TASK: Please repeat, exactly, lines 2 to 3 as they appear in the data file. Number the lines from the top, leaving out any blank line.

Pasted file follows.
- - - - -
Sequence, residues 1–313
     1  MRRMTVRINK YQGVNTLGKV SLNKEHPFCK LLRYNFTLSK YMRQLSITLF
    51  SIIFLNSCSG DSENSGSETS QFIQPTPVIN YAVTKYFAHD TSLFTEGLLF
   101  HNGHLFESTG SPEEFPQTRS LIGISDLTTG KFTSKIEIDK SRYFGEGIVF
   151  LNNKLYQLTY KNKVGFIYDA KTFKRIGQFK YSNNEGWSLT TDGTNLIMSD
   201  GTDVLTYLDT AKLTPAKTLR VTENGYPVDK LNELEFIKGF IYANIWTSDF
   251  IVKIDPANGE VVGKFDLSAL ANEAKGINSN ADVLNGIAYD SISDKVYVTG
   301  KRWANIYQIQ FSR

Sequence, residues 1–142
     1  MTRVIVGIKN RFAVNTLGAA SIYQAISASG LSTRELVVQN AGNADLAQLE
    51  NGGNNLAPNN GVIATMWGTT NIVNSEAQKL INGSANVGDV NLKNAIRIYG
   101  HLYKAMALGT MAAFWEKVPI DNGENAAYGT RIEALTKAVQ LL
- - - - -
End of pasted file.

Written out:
     1  MRRMTVRINK YQGVNTLGKV SLNKEHPFCK LLRYNFTLSK YMRQLSITLF
    51  SIIFLNSCSG DSENSGSETS QFIQPTPVIN YAVTKYFAHD TSLFTEGLLF